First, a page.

Sajida al-Rishawi: Jordan 'executes female Isis suicide bomber' – hours after pilot Muath al-Kasaesbeh is burned alive
Jordan have executed two militants – one of them a female prisoner sought by Isis - the day after video footage emerged of Islamic State militants burning a captured Jordanian pilot to death.
In the aftermath of the broadcast of video footage showing Muath al-Kasaesbeh being set on fire as he stood in a cage, Jordan promised a swift and “earth-shaking” response and said it would move to execute several militants it was holding.
There were fears that Jordan's reaction and any further moves to exact revenge on Isis could give the group a pretext to target the country, which is part of the US-led coalition fighting it in Syria and Iraq, with more attacks and executions.
Early on Wednesday morning local time, Jordanian state television reported that two prisoners had been executed before dawn. One of them was Sajida al-Rishawi, the Iraqi woman militant who was sentenced to death for her role in a 2005 suicide bombing in Amman that killed 60 people.
The other executed prisoner was Ziad Karbouli, a former aide to the deceased leader of al-Qaeda in Iraq, Abu Musab al-Zarqawi.
The executions of three other convicted terrorists were also scheduled for Wednesday.
Jordan had sought to swap al-Rishawi for the captured pilot if it received proof that he was still alive. Isis demanded her release in exchange for the life of Japanese hostage Kenji Goto, Reuters reported. However, Mr Goto, a veteran war reporter, was later beheaded by the group, with images of his death released in a video on Saturday.
After footage of the killing of 26-year-old Mr Kasaesbeh emerged, Jordan promised a swift response.
“The revenge will be as big as the calamity that has hit Jordan," army spokesman Colonel Mamdouh al Ameri said in a televised statement confirming the death of the pilot, who had been seized in December.
The news agency said that the fate of Mr Kasaesbeh, a member of a large tribe that forms the backbone of support for the country’s Hashemite monarchy, has gripped Jordan for weeks and some Jordanians have criticised King Abdullah for embroiling them in the US-led war that they said would provoke a backlash by militants.
The escalation of developments came as the king cut short a visit to the United States to return home following word of Mr Kasaesbeh's death. In a televised statement, he said the pilot's killing was an act of “cowardly terror” by a deviant group that had no relation to Islam.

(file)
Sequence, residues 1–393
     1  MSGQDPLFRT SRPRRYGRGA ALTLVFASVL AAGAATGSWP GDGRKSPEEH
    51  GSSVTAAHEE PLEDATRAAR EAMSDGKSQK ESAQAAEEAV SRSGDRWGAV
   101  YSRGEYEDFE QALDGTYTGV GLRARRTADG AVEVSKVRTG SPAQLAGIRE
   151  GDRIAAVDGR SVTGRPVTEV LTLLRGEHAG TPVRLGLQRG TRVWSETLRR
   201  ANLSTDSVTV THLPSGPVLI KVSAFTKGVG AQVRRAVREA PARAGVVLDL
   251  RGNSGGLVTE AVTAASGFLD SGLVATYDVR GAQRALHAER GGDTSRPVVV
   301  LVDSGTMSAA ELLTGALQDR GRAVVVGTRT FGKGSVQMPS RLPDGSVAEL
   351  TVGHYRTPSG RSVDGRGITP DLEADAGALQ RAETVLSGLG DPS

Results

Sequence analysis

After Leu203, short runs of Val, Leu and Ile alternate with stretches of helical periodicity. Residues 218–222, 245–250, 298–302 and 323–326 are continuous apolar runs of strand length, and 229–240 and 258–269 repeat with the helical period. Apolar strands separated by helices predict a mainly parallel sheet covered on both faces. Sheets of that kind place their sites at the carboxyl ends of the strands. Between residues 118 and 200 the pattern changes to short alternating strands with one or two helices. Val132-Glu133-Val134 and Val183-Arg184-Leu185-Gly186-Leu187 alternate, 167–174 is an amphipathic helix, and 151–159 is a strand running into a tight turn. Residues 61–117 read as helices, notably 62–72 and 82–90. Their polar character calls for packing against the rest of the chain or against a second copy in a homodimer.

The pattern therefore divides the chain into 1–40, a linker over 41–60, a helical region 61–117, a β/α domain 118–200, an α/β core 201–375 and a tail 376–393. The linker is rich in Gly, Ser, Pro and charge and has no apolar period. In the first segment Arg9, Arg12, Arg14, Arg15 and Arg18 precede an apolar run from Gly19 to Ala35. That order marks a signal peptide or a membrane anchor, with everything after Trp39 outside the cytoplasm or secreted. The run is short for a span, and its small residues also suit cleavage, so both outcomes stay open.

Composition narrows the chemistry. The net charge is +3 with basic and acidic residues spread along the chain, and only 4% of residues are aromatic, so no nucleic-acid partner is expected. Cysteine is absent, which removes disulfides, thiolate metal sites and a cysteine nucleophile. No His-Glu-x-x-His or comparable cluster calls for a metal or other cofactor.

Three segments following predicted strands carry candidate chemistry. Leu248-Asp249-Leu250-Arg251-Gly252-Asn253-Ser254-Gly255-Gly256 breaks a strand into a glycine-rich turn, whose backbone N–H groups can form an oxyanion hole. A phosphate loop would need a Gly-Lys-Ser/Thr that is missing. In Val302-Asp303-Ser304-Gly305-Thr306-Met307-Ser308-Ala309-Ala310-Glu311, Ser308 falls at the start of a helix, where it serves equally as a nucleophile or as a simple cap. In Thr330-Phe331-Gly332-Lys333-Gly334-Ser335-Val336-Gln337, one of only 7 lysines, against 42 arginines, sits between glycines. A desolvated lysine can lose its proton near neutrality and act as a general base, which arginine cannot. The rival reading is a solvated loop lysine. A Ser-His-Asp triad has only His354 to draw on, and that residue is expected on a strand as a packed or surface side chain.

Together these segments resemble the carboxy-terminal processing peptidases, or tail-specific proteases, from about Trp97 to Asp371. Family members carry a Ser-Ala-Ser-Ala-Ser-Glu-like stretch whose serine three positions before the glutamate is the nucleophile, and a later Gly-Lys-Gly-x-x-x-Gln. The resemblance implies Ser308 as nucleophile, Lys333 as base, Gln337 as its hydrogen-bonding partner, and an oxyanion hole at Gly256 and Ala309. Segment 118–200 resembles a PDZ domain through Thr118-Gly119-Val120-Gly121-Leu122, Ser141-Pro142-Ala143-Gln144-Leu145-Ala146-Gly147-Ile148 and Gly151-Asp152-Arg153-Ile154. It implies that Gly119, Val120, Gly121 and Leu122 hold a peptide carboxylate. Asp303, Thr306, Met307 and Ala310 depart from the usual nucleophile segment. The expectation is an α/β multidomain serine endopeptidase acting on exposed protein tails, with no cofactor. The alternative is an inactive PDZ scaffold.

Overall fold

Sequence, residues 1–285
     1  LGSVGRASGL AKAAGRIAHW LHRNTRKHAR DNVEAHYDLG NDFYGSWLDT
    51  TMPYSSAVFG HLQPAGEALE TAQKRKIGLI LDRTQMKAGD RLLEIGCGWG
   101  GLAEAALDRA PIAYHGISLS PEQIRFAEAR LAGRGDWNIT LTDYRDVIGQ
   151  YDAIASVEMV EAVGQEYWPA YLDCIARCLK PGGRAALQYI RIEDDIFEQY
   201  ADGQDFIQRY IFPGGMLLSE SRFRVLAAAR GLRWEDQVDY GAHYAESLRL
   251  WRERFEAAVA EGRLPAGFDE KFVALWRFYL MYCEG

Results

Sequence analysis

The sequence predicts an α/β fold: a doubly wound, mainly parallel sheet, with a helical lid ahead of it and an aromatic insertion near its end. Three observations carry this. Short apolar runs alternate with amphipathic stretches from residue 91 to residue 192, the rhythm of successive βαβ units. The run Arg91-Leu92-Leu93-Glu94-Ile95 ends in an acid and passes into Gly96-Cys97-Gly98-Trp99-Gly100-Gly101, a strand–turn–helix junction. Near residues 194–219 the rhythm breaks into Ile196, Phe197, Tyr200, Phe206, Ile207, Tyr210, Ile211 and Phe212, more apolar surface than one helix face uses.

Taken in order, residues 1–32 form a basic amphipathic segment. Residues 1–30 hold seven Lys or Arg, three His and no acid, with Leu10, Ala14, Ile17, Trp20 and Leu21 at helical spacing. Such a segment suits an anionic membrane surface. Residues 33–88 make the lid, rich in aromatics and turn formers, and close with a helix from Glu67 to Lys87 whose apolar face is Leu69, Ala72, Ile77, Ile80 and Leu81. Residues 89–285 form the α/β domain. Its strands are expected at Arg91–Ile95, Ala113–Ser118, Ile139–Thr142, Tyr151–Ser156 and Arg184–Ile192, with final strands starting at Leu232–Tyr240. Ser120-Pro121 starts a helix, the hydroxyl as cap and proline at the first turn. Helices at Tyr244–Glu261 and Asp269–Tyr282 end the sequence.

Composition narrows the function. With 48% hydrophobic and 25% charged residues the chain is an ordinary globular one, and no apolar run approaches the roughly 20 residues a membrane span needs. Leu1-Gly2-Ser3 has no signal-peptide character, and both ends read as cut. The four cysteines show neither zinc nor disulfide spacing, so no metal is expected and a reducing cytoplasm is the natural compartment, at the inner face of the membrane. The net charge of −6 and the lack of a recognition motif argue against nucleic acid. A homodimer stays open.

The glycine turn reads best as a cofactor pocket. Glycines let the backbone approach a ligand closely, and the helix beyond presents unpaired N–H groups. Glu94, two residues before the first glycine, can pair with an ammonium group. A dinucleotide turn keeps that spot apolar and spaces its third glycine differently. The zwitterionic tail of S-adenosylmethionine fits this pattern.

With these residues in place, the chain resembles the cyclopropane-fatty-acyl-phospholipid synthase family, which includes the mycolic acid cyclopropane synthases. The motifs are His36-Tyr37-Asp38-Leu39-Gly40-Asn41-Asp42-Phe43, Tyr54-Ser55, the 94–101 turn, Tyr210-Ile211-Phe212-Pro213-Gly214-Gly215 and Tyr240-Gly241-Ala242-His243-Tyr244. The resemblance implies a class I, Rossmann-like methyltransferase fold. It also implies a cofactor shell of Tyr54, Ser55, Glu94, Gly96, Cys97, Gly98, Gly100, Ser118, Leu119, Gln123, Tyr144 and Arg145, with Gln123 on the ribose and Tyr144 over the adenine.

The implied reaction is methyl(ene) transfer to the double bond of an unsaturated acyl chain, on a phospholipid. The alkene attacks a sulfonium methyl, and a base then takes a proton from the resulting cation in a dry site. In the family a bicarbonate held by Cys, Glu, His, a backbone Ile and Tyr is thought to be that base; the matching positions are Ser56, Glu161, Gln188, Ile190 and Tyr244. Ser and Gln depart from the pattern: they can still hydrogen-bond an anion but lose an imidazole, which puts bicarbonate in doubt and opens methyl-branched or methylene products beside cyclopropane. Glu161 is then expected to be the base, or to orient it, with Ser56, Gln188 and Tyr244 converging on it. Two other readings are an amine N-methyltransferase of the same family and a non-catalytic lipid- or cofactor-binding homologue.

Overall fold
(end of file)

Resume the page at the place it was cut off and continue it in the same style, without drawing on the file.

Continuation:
In the pilot's hometown of Karak in southern Jordan, people demanded revenge. “I want to see Sajida’s body burnt and all the other terrorists in Jordanian prisons. Only then will my thirst for revenge be satisfied,” said Abdullah al-Majali, a government employee among dozens of demonstrators in the centre of Karak.
Relatives of the pilot also gathered in Karak and urged calm after anti-government protests broke out in the town. They said it was up to the government to take revenge for them.
A Jordanian politician in Amman wept on television as he described watching Mr Kasaesbeh's death, saying even people exposed to violence could not bear witnessing the pain of a man burning to death.
Mohammed al-Rousan vowed his country would fight Isis before becoming enraged on Lebanese television station al-Mayadeen.
"Let's use the same methods as them!" he shouted. "Let's kill their children! Let's kill their women!"
Jordanian state television said on Tuesday that Mr Kasaesbeh had been killed a month ago, on 3 January, and a source close to the Jordanian government said Amman had been picking up intelligence for weeks that the pilot was killed some time ago.
Given that Jordan’s own intelligence indicated the pilot was dead, the government decided it could not possibly release the woman absent convincing proof the pilot was still alive, the source said, and such proof never arrived, Reuters said.
The White House said the intelligence community was studying when the video was recorded and that US President Barack Obama had ordered his team to devote all resources to locate other hostages held by Isis.
Mr Obama rearranged his schedule on Tuesday to make sure he saw King Abdullah before the Jordanian leader flew back to Amman.
“Today, the coalition fights for everyone who has suffered from [Isis] inhumanity,” Mr Obama said in a statement, adding that the group’s “hateful ideology” would be banished to the recesses of history.
Belfast Telegraph Digital